Wednesday: Every Generation

Moshe appointed Yehoshua to lead the people after Moshe’s passing. Moshe (despite his humility) knew that he was irreplaceable; no future leader would ever fill his brilliant shoes. Yet he spoke as if Yehoshua would succeed him perfectly. Jewish law stipulates that decrees of the high Jewish court must be respected regardless of the court’s erudition or lack thereof. Yiftach, who was not known for his scholarship, was to be revered in his generation as Moshe was in his. No Jewish court, despite their brilliance, can truly know G-d’s will. Their verdicts are sacrosanct because they are guided by G-d to the Halacha He desires. In effect, rabbis and Torah scholars are not legislators of Torah, but facilitators of Divine legislation. Their brilliance or lack thereof is immaterial. Moshe in his generation, Yehoshua in his and Yiftach in his are all equal facilitators of G-d’s will. Chafetz Chayim

Thursday: The Daily Sacrifice

Shortly after the discussion of Moshe’s passing the Torah introduces the laws of the daily sacrifice. Our sages taught that the sacrifice was brought daily at sunrise and sunset to atone for idolaters, who worshiped the sun as it rose and set. Moshe’s personal merit atoned for the sin of all idolaters as evidenced by his reaction to the sin of the Golden Calf. However, once we learn that Moshe would pass on, a new atonement for idolatry would be required. Hence, the introduction of the daily sacrifice shortly after the discussion of Moshe’s passing. Malbim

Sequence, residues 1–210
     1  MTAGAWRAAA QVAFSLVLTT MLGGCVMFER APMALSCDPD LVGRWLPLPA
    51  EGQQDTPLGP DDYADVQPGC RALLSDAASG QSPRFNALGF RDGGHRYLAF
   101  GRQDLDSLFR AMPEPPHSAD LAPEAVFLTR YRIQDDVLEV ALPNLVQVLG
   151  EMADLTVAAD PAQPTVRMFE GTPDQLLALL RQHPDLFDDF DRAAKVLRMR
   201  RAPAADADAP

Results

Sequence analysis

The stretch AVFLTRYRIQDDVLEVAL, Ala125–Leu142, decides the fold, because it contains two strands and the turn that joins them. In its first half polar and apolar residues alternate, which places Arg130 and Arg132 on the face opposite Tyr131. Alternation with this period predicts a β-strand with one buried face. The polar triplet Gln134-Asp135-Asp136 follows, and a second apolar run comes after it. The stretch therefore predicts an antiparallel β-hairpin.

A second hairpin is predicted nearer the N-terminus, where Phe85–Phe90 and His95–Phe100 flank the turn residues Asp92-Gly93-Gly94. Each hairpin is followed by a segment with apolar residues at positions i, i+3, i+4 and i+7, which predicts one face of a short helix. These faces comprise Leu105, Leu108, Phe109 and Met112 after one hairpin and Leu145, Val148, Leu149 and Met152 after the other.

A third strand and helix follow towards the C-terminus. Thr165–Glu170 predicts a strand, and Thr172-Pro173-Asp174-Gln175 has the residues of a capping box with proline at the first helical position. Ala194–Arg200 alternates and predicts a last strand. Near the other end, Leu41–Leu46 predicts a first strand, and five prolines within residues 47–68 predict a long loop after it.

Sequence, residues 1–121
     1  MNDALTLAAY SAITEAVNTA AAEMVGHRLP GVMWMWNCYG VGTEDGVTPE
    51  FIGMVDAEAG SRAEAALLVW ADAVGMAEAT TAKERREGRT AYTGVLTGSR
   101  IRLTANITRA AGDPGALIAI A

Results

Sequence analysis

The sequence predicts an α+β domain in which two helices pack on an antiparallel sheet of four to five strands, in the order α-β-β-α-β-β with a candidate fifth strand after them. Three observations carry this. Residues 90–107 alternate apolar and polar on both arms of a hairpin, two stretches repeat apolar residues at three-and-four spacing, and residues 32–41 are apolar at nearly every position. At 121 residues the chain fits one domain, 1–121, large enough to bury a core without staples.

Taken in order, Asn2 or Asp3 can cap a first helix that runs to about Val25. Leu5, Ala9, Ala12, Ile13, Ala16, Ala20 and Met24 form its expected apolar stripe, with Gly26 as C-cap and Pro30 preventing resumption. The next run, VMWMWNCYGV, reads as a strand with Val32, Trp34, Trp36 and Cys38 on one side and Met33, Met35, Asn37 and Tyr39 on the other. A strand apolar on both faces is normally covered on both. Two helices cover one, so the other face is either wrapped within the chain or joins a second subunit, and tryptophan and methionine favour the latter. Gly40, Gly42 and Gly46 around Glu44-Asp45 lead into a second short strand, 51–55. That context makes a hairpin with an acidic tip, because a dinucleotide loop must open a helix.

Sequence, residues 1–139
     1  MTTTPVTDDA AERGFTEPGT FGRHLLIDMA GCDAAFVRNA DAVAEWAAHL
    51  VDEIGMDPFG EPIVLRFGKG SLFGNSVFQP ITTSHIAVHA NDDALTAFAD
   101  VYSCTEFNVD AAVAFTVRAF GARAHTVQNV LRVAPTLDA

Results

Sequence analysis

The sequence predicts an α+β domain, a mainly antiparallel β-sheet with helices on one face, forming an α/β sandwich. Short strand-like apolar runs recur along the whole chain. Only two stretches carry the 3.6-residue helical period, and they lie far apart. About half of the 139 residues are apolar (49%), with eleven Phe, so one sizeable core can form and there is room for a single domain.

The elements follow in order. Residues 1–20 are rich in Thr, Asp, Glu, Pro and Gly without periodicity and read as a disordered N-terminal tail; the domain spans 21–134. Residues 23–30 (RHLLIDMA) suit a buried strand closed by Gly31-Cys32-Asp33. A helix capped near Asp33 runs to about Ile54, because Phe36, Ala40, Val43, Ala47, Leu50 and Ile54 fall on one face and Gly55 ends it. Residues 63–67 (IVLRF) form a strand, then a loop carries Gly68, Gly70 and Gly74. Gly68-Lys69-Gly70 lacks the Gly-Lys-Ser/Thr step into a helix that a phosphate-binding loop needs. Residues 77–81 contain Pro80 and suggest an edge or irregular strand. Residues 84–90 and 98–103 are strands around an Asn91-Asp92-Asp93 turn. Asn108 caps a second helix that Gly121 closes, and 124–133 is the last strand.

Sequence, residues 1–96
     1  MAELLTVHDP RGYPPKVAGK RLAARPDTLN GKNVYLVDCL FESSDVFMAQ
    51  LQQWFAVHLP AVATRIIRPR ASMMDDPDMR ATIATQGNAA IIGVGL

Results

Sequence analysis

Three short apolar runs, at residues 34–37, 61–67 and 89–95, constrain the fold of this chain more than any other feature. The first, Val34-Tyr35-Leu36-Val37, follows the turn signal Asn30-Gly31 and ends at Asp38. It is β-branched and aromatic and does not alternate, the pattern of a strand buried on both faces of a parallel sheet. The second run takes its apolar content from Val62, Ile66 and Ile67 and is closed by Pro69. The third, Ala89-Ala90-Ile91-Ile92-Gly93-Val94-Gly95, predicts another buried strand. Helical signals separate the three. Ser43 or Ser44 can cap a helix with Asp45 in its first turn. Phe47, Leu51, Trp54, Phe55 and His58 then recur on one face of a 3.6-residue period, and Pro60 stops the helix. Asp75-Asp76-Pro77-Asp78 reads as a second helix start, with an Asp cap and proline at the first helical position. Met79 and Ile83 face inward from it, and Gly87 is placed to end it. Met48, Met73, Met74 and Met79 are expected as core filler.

Friday: Judged As a Unit

Rosh Hashanah is a day of judgement. A human judge considers the behaviour of every person on an individual basis. G-d views the entire nation as one unit. When one performs a Mitzvah, the entire nation collects merit, however, when one commits a sin, no one but the sinner accepts blame because they don’t agree with sin and, in fact, remonstrate with the sinner. This complimentary perspective is only offered when we unite and perceive all Jews as members of a single family. The Torah mentions twice that Rosh Hashanah is a holiday, “lachem,” for you (in the plural form). On this holiday we are expected to celebrate as a community with a focus on Jewish unity so that we can be judged in a favourable manner. Or Pnei Moshe

Shabbat: A Comprehensive Mitzvah

The holiday of Sukkot is so named for the mitzvah of Sukkah rather than Lulav, the Mitzvah of Four Species, which is also unique to this holiday. The Mitzvah of Sukkah begins as the sun sets, when the holiday commences, whereas the Mitzvah of Four Species, which is practiced only during the day, does not begin till the next morning. Another point, the Mitzvah of Four Species is performed by the hands only, whereas the Mitzvah of sitting in the Sukkah is performed by the entire body. Lastly, the Mitzvah of Four Species is fulfilled only when it is performed in the prescribed manner, whereas the Mitzvah of Sukkah is fulfilled regardless of what one does in the Sukkah. One might read, eat, relax, sleep or even nothing at all, so long as it is done in the Sukkah, it is considered a Mitzvah. Likutei Sichos